] formal model of organizational citizenship entropy consists of an inverted U-shaped curve with organizational sustainability
on the vertical axis and levels of personal and organizational-oriented citizenship
behavior on the horizontal axis.
The relative evenness and unevenness of the OCB distribution is seen as ranging from 0 (complete uniformity) to H (complete chaos). Points beyond H Min (minimum level of disorder) become increasingly even in OCB as they progress towards point 0 (complete uniformity). Beyond point H Max, (maximum level of disorder) increasingly uneven distributions of personal and organizational OCB become evident. Organizationally- and personally oriented OCB between H Max and H Min are regarded as areas of order in organizational departments (an evenness of OCB distribution without extreme forms). In this area, balanced forms of OCB become increasingly evident. Increasing imbalances (extremes) in personal and organizational OCB occur towards H Max and, become OCE. OCE in units and teams ‘poisons’ the organizational climate and can spread to other departments resulting, ultimately, in the development of a toxic organization.
In general terms, Coldwell’s [31
] model suggests that an absence of extreme manifestations of personal and organizational OCB distribution in units, departments and divisions, promotes organizational sustainability and reduces the probability of toxic employees’ OCE spreading and generating a toxic organization, but complete evenness in OCB may generate stasis and rigidity making the organization less able to adapt to rapid industrial change [16
Appelbaum and Roy-Girard [33
] state: “Toxicity is a fact of life in all organizations; however, not all organizations are toxic. Toxic organizations are usually defined as largely ineffective as well as destructive to its employees. Simply having toxins present in an organization does not necessarily make it a toxic organization. The tone of an organization tends to be set from the top and so toxicity is often a top-down phenomenon. The higher up the toxic person is, the more widely spread is the pain, and the more people there are who behave in the same way”. This definition indicates that toxicity, particularly when originating at leadership levels, generates a poisonous climate in an organization. The use of the concepts of toxin and toxic to describe the destructive, spreading aspect of poison introduced to a system is considered particularly apt in relation to organizational entropy because of the instability (disorder) toxins are known to generate in a system. Although, as Applebaum and Roy-Girard [33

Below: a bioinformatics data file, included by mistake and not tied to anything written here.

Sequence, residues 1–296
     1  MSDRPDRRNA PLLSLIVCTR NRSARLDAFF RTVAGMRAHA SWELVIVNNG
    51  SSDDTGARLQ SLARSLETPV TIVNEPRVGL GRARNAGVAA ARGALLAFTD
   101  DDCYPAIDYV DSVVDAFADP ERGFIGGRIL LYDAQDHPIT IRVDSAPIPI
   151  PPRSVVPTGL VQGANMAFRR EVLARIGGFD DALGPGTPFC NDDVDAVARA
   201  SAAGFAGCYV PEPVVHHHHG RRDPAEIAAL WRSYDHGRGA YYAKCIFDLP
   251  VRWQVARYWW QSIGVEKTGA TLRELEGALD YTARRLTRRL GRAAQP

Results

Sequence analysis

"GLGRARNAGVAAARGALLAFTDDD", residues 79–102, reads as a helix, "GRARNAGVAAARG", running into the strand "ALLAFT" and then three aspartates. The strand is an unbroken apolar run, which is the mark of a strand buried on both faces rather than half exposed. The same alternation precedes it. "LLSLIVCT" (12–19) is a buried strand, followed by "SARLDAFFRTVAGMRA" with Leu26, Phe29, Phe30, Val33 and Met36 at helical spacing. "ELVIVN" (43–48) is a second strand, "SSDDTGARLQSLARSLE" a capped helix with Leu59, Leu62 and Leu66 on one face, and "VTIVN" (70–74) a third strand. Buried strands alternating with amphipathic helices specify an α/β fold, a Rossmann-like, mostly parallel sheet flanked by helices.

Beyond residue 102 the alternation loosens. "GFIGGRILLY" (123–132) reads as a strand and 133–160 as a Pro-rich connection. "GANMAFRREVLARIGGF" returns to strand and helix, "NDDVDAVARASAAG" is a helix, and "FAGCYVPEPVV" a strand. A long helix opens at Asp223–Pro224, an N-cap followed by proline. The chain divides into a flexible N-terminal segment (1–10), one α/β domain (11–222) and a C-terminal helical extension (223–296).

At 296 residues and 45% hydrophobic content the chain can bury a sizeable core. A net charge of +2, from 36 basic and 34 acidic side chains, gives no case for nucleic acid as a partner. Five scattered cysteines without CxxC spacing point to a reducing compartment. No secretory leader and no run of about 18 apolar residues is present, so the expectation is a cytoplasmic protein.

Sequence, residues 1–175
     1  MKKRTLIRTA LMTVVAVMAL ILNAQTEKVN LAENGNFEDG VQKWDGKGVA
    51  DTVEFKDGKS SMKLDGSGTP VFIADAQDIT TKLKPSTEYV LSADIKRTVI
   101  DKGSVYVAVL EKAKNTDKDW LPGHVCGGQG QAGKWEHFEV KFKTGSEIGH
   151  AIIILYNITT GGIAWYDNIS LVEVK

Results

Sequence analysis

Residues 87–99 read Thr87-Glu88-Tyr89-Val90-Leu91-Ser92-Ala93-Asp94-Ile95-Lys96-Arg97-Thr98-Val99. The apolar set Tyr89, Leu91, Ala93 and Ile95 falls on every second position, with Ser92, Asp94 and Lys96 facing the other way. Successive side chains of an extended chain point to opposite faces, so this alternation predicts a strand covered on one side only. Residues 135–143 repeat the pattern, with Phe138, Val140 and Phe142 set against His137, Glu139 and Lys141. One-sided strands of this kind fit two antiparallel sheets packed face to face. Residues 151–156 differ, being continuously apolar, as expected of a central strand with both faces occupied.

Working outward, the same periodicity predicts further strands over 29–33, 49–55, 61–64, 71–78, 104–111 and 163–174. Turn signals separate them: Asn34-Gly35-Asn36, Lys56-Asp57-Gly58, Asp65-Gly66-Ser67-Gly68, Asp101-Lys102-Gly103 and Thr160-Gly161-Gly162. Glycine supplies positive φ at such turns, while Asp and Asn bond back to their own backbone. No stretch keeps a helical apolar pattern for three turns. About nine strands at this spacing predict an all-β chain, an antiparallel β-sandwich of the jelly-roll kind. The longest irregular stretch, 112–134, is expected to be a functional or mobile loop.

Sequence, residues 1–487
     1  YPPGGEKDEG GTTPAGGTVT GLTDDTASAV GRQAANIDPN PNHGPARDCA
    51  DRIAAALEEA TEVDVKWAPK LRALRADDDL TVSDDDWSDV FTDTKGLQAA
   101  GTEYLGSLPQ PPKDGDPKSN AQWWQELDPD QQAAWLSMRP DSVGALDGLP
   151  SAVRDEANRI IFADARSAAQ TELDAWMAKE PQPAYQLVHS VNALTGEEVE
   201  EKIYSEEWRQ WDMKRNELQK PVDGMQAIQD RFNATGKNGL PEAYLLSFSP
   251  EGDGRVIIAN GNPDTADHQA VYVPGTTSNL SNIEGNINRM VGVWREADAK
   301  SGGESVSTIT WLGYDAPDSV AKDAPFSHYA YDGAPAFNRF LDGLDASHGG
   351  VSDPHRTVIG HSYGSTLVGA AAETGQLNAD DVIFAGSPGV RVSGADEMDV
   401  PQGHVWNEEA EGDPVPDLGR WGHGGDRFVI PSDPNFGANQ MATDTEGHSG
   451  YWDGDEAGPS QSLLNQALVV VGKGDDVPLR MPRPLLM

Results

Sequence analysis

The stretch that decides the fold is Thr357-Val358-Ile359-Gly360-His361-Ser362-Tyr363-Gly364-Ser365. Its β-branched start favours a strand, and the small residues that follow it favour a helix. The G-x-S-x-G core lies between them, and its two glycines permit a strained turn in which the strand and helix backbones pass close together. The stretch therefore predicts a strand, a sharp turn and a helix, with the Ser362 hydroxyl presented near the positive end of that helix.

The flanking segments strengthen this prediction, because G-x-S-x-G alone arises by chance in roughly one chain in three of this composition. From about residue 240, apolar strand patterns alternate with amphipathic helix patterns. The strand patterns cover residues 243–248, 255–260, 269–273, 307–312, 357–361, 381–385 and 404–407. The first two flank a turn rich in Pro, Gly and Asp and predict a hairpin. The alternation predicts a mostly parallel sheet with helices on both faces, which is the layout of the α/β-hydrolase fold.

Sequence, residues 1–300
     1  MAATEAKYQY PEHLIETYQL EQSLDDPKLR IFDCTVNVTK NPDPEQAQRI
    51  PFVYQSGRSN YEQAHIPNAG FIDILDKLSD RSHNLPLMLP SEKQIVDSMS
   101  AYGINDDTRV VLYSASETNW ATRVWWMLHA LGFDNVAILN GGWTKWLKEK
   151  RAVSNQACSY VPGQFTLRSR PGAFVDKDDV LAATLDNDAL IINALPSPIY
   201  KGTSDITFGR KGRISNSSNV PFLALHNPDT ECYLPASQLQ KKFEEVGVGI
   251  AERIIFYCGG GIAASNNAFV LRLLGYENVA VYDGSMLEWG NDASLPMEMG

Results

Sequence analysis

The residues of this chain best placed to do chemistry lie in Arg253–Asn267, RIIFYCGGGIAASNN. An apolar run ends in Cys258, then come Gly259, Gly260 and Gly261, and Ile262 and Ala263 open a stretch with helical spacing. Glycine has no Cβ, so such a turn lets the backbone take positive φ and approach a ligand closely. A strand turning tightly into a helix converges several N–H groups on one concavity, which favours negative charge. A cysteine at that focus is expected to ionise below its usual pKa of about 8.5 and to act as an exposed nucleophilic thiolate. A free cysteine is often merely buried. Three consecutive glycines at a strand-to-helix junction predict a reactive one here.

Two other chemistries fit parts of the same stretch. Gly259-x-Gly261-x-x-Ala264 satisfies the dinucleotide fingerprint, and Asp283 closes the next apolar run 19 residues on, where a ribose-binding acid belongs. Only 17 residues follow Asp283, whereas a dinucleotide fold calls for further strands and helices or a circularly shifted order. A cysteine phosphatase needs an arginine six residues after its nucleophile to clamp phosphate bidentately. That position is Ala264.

] suggest, toxins in an organization are often introduced by a leader and spread through the organizational climate created by that leader to managers and other employees, it is unlikely that a leader, however forceful or pervasive his/her influence might be, can create a toxic organization on his/her own. She can, however, create a climate conducive to its spread and propagation.
Toxic leadership can therefore be regarded as a necessary, but not necessarily a ‘sufficient’ condition for the emergence of toxic organizations. A toxic organization can be initiated through leadership behavior, but this can only be spread throughout the organization through the collective interaction of toxic employees. Toxic leaders do not just materialize out of the air, they are usually the result of socio-economic pressures, such as those created by the 4th industrial revolution with its emphasis both on competitive efficiency through technology and automation, and environmental sustainability.
Rasool et al. [34
] indicate how workplace toxicity can negatively influence productivity through the mediating role of depression: which leads “…employees to undermine performance and leave a bad image of the workplace among their peers”. Rasool and Summa [34
] conclude that “…a toxic workplace environment increases the level of work depression. When workers feel negative about their organization, they tend to compromise their productivity level, which could also increase their level of trauma.” Moreover, as Anjum et al. [35
] note, a toxic work environment negatively impacts on job productivity and generates employee burnout.
Toxic employees and organizations can arise from many sources but distorted types of leadership which drive distorted employee behavior and a toxic organizational climate are becoming more prevalent in the digital era. Toxic employees and organizations arise from contextual stressors created through extreme circumstances such as economic and socio-political turmoil arising from, for example, rapid industrial change (revolution) and war.